So glad to learn Mink likely died of natural causes at a ripe old age. Yesterday’s photo of her with one of her many cubs touched me to my soul! Warmest thanks for continuing to keep me attached to the natural world. Stay safe and healthy.

    August 29, 2020 at 12:07 pm

  12. Sarah gilson

    Thanks so much, Mary, you don’t know me, but Jan chapman lives across from me at kendal, and I actually told her about your NATURALLY CURIOUS magic.
    So lovely to see the mink photo with the cubs. Thankyou.

    August 29, 2020 at 12:15 pm

  13. Susan Capparelle

    This is good news Mary. I wanted to email you yesterday after your initial post because it was so touching. still touching but as you say a little less sad

    Xo

    Sent from my iPhone

    >

    August 29, 2020 at 12:18 pm

  14. Thanks for the update. Yes, some comfort in knowing it was not humans who caused her death.

    August 29, 2020 at 12:32 pm

  15. Yes! Exactly, very comforting to know that is was just Natural Old Age and not a Motor Vehicle! Than you so Much! And once again another outstanding photograph! Thank You! 🙂 ❤

    August 29, 2020 at 1:05 pm

  16. Pauline Bogaert

    Here’s an update on that bear.

    >

    August 29, 2020 at 1:10 pm

  17. Bonnie Adams

    HI Mary. So sad that Mink has passed but do you know the whereabouts and condition of her cubs? Bonnie Adams Hampton, NB, Canada

    August 29, 2020 at 1:51 pm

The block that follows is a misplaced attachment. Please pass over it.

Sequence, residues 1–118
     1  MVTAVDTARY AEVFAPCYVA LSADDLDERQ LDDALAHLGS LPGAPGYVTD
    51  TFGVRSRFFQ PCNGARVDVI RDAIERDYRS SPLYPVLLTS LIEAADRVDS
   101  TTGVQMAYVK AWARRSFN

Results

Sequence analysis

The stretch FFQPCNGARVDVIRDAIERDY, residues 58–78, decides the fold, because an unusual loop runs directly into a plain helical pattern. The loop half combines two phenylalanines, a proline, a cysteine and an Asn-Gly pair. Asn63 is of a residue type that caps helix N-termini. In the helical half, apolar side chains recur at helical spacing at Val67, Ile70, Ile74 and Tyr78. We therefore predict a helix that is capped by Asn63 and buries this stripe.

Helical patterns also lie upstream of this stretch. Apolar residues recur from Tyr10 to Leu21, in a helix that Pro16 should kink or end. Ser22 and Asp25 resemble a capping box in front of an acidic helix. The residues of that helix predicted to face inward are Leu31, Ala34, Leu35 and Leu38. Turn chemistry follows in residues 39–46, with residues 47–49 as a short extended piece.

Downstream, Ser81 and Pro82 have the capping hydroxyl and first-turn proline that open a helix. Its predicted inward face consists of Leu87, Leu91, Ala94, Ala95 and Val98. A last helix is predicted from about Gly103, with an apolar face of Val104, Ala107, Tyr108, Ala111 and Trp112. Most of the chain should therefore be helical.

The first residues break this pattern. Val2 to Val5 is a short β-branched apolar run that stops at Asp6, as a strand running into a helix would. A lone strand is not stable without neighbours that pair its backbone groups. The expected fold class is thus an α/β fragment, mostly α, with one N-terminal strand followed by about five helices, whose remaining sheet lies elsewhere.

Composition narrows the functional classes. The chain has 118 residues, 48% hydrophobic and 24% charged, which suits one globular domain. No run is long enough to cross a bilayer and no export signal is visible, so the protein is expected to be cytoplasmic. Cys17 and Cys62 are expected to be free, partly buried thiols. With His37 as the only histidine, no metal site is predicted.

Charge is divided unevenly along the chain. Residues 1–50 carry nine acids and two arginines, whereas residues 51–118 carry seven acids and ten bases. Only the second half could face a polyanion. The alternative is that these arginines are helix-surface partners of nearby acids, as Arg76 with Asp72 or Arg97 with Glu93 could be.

18. Robin Worn

    This is does help knowing it was most likely natural causes. Thank you for the update.

    August 29, 2020 at 2:27 pm

  19. Jo-Ann Ecker

    Oh Mary…I have been following for a long time and I am so sad…but if she died of natural causes then at least humans didn’t have anything to do with it…will miss yours and the newspapers follow ups…thank you Mary for all you do

    August 29, 2020 at 3:02 pm

  20. Sue S

    That updated information is easier to deal with emotionally. And her longevity adds to her remarkable, heart warming story.
    Thank you for the update Mary.

    August 29, 2020 at 3:21 pm

  21. Deborah Luquer

    Oh, what a picture. Mink was so expressive.

    Sent from my iPad

    >

    August 29, 2020 at 3:37 pm

  22. Thank you Mary for this update. I feel a lot better now, as cars are just missile’s killing everything in their path.

    August 29, 2020 at 3:43 pm

  23. Nancy Ellis

    Mary, that news is better. She is an inspiration and I am hopeful she died naturally.

    Sent from my iPhone

    >

    August 29, 2020 at 3:43 pm

  24. Gaylee Amend